Friday, July 13, 2007

Sea Squirt
Sarcoma Internet Buzz

Here is a complete break from my usual blogging habits, but it hit a cord with me so you'll just have to bear with. As most of you know, I had myxoid liposarcoma a rare variety of a rare sarcoma in an even rarer spot- my ankle. I don't know what the total numbers are, but they aren't big. While I've never really sought to be average or common, there are some real downsides to having a rare disease. Hence journeying to New York for treatment. Over the past few weeks the internet has been buzzing about the NIH specifically cutting research funding for sarcomas, because well they are rare so impact per effort/ money is less. I don't know the details about all of this, so I haven't weighed in on it yet becuase there is always so much more to the story then what is reported. However, I have found the discussions interesting as I work in a field where we often need to look for "orphan drug" development becuase what I do in my doctor world is also rare especially in its most severe forms. See like I said, I never aimed to be common.

Now, this is even more interesting, it seems that there is a new thing, causing some buzz in the internet world which is that they have discovered, a substance from a Sea Squirt that acts as chemotherapy specifically against myxoid liposarcoma. This is good news for liposarcoma patients and maybe even for sarcoma patients in general who have metastatic disease, which thank God I don't. As it highlights that all soft tissue sarcomas are different and should be treated as such. Even more it highlights the careful balance between the environment and health and our need to be good stewards to the world around us, above ground, under the sea, everywhere. It reminds me of that movie from the early 90s with Sean Connery, Medicine Man. As I recall the plot, Sean Connery has found an extract from the flowers that appears to cure cancer, but they can't isolate it. They fight against time as developers are coming to destroy that part of the rain forest and when they finally find what they are looking for it highlights the need to look at the careful balance in the environment. Sorry I won't give away the ending in case you want to order it on netflix. None the less this sea squirt is a seemingly innocuous sea animal that starts out life mobile and then morphs into somthing like a sea sponge by the time it reaches adulthood.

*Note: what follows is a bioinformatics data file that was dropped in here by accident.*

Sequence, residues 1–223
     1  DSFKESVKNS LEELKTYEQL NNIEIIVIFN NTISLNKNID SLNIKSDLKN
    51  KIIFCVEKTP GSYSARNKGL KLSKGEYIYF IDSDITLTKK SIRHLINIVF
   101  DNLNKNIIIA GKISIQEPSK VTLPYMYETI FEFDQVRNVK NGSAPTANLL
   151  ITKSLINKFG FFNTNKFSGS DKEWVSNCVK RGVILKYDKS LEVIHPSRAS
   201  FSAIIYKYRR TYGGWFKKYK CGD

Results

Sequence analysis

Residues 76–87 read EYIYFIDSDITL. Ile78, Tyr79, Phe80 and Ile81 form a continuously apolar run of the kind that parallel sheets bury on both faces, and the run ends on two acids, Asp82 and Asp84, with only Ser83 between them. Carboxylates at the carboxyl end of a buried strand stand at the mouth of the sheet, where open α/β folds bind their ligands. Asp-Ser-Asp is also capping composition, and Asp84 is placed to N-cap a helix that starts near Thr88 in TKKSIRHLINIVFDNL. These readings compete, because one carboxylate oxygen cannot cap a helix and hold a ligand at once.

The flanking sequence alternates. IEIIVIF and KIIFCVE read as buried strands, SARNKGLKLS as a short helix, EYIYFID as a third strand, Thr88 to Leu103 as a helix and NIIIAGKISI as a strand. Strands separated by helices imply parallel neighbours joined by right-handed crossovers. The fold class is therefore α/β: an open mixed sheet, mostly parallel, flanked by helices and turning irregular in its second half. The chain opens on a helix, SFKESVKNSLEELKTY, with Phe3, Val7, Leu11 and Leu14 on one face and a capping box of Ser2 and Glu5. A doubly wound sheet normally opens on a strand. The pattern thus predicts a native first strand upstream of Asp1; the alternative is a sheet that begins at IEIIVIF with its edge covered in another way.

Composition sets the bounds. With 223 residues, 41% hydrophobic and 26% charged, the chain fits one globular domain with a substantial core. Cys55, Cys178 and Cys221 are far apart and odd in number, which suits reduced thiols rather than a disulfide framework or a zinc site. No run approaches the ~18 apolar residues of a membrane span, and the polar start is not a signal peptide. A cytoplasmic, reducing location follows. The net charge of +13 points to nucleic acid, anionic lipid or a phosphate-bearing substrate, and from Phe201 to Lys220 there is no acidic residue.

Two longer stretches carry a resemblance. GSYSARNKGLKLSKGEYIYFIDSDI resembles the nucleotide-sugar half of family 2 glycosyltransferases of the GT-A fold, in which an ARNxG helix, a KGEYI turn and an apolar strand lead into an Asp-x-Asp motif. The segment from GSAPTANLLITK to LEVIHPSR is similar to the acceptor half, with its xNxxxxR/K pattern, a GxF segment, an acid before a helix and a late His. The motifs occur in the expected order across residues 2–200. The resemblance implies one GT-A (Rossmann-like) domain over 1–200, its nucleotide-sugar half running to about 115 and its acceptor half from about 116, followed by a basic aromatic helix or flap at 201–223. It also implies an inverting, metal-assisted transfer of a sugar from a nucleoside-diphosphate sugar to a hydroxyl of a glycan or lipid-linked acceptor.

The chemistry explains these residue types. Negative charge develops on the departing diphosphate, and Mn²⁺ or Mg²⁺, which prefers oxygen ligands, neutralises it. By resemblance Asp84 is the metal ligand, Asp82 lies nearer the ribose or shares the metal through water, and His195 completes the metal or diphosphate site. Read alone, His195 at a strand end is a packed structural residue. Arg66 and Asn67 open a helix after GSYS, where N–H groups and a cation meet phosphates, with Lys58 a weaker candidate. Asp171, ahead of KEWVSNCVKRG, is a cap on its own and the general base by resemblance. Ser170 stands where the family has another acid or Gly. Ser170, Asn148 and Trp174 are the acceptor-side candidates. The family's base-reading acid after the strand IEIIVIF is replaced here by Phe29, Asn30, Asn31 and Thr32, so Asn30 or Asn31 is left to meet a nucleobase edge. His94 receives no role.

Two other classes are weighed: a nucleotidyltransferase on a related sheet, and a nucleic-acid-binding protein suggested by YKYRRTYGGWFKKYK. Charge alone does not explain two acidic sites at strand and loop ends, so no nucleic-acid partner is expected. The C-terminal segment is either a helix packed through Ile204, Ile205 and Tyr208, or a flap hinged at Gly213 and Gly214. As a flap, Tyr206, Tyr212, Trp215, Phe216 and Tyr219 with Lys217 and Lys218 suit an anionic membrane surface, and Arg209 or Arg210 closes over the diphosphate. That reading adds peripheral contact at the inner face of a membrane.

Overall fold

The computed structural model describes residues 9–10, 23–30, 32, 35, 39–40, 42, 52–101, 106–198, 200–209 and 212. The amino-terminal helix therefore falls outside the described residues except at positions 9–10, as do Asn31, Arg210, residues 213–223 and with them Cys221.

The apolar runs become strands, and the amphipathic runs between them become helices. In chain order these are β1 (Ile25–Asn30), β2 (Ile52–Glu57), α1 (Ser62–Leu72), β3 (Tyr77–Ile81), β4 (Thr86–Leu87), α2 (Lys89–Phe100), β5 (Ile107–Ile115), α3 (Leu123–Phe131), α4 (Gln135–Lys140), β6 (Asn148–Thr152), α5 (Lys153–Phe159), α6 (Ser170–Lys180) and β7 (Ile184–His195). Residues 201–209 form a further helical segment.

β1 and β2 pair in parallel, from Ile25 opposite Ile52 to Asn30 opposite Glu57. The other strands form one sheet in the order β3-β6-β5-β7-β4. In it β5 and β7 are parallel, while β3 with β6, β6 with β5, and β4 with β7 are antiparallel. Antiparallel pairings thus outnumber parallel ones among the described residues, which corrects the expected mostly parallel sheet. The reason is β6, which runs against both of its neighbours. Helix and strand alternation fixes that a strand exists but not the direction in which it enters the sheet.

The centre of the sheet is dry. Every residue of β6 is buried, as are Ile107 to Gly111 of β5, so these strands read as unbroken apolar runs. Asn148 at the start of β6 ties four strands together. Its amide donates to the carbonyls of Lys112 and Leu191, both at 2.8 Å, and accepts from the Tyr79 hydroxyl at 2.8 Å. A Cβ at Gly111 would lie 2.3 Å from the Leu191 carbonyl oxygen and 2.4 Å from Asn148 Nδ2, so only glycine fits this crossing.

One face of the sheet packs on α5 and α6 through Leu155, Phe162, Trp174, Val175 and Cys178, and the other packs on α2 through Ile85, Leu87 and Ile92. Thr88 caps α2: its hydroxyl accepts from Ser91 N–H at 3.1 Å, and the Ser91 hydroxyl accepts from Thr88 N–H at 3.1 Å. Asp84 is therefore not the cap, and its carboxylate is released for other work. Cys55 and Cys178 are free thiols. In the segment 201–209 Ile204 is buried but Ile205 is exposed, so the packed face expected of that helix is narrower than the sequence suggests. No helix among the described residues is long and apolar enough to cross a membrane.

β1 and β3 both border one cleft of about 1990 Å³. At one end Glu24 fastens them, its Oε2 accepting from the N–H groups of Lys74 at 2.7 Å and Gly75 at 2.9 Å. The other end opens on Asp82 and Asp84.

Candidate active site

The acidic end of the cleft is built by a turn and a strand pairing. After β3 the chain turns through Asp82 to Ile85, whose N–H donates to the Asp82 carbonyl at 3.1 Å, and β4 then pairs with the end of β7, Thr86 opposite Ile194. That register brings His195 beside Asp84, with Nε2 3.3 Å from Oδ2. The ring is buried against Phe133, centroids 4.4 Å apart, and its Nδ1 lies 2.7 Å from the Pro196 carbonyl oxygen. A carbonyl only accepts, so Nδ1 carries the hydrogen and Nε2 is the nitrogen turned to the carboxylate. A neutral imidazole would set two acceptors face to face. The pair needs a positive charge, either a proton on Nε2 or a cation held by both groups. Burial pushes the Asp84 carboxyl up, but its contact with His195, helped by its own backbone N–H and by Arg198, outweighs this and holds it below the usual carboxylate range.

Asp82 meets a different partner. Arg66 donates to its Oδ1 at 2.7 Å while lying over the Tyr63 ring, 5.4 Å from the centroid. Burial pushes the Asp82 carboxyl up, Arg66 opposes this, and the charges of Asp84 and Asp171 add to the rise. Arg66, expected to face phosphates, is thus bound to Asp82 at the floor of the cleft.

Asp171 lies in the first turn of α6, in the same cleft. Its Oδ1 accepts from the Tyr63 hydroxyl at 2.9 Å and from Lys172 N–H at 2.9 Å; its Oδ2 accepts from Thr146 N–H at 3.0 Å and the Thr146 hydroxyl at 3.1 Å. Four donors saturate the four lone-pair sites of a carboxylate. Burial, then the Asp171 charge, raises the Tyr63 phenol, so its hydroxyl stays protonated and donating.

The above photo is an adult spongy type sea squirt and to the left is the embryo sea squirt with a tiny brain and spinal cord so it can move.

Like I said- different then my usual posts but hopefully, thought provoking.


Doctor David said...

Hi Lisa,
Thanks for commenting on my post about this same drug. I have only 1 patient with myxoid liposarcoma right now, and she's doing great, too. But it's nice to know there's something new out there in case she does end up needing it. I always talk to my patients about how many of our drugs come from nature... it's cool to see another new example.

David Loeb

Anonymous said...

Hello Lisa,

I am so sorry to hear your story, I was searching for Myxoid Liposarcoma and came across this blog. I just found out that my Mum also have Myxoid sarcoma of the foot. Since she is backhome, I am communicating with the resident students and lab technician at the hospital she is in and I am confused by the stuff I am finding out from them. They say it is localized and so they haven't done any grading or staging (even though this is second tumor in last few months). Is it normal?? She is scheduled for surgery but because of backlog they have postpone it.. wouldn't it be bad if they postpone, especially when it seems to be aggressive.
I am so sorry if I am bothering you a lot, but I just feel hopeless and I don't know where to go or whom to ask..Please any suggestion would be greatly appreciated
Thanks a lot in advance